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Thomas Paine: Colonial conspiracy theorist, and rap artist

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posted on Sep, 8 2010 @ 02:06 PM
Thomas Paine: America’s colonial rap artist/conspiracy theorist.

Let’s examine why this is the case:

In Paines’ Common Sense he sends out a colonial version of a blog telling his fellow Americans , who were getting more and more upset with England at this time, that they no longer have any need for a king and that they no longer have any need for England.

The opening paragraph of Common Sense accurately supposes the greatest argument his critics might have and in doing so, disarms everyone.

Here is the opening line to the piece called Common Sense, the piece which became the tipping point to start off the Revolutionary War:

“Perhaps the sentiments contained in the following pages, are not YET sufficiently fashionable to procure them general favour; a long habit of not thinking a thing WRONG, gives it a superficial appearance of being RIGHT, and raises at first a formidable outcry in defense of custom.”

“Common Sense” is the ultimate conspiracy thread. It’s the original, in my humble opinion.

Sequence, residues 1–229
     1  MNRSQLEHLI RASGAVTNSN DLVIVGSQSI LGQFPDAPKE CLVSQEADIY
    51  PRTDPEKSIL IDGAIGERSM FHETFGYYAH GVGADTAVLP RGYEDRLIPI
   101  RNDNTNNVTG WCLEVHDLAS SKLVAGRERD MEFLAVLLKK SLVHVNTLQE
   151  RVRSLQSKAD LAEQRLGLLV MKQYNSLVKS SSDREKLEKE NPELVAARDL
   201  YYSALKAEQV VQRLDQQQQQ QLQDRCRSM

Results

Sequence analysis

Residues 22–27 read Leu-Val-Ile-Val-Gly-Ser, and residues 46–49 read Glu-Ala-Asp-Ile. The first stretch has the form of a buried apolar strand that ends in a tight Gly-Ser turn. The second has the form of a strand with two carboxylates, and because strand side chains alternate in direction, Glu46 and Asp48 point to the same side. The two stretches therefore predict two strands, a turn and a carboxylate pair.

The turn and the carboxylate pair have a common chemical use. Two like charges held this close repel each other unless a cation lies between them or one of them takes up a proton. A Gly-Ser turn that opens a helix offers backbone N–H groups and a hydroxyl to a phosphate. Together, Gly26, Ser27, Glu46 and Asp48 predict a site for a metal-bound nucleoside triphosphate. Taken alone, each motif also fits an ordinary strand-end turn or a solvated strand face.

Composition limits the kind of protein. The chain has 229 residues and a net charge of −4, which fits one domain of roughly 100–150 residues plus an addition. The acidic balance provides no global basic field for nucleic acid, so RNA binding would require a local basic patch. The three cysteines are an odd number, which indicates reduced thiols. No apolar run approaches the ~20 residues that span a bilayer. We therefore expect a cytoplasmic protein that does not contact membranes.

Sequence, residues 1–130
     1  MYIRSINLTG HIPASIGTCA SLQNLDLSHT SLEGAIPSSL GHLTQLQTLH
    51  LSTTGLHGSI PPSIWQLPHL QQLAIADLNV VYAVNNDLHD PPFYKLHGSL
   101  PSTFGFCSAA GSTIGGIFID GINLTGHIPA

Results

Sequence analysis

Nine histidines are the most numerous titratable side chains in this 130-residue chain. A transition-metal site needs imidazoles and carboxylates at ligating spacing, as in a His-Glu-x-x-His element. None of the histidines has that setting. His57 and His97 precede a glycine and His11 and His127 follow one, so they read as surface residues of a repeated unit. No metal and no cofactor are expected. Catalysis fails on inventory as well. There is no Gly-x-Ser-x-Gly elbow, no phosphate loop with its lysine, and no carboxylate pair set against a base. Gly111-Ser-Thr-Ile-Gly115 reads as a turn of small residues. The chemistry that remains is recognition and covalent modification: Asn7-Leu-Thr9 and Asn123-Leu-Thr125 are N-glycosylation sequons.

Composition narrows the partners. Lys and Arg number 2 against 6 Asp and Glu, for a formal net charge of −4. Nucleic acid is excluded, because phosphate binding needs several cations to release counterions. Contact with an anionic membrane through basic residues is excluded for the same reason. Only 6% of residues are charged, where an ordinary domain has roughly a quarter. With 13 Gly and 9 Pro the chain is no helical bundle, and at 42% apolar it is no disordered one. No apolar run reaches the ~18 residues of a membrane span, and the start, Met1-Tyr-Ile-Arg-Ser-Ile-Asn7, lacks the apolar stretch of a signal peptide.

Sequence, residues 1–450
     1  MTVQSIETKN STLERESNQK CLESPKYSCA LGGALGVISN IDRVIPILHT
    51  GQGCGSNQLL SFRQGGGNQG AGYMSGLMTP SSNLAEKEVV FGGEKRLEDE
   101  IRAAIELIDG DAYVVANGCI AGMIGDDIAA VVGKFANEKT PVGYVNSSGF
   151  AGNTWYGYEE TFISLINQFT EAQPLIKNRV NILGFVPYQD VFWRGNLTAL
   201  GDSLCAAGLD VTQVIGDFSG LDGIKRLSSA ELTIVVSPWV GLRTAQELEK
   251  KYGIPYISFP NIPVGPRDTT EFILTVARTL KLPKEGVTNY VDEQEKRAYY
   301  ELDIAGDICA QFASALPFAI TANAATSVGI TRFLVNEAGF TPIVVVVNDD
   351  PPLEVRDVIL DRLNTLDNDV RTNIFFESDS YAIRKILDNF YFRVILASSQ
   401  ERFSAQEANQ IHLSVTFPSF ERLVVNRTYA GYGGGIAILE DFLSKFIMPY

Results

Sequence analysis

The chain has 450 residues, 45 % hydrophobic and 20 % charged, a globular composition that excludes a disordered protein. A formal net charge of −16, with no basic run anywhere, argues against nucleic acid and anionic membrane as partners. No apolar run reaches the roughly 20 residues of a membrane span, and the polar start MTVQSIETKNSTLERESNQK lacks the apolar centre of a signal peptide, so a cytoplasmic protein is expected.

There are many reasons why the pamphlet was so successful, though the opening paragraph itself is an ingenious formation of word and thought which I recognize in the opening paragraphs of some of the best threads from ATS. Critics’ arguments are often presented and then examined right in the beginning in these threads, just like Paine did. It seems to be a great way to get your conspiracy theory across to others.
(You can’t deny at this point that Payne was calling for a revolution, the most conspiratorial thing someone could possibly do.)

And then Paine procedes to explain how the idea that any kind of “reconciliation” with England is beyond ludicrous and completely out of the question.
As he does so he appeals to religious sentiment, political sentiment, and finally social feeling.
What he called for was an echo of the sentiment at the time, I need to point that out for the naysayers of this thread, but this previously unknown writer was telling the most powerful force in the world at the time that they were no longer needed in America, as I mentioned above.

Now here is the poetry which is found in Paine’s Common Sense:

“The reader will pardon this digression, as it does not properly come under the head I first set out with,

And to which I again return by the following position.

Should affairs be patched up with Britain…?

Notice the rhyme. It’s got a definite cadence in that section as well and could easily be put to music.

It’s like the Juice News. It’s like Eminem. Common Sense was so successful due to many factors, but one of them was the fluid cadence of spoken word poetry, or something like rap music lyrics.

His opening paragraph is the perfect format for any writer who has something controversial to say. And his poetic cadence allows his words to dance into the minds of his readers.

He was T Pain


The Jay Z of Manifest Destiny

edit on 8-9-2010 by dragonsmusic because: (no reason given)

posted on Sep, 8 2010 @ 07:45 PM
Way to think outside of the box, everybody. Thanks so much for your open-mindedness. Way cool!

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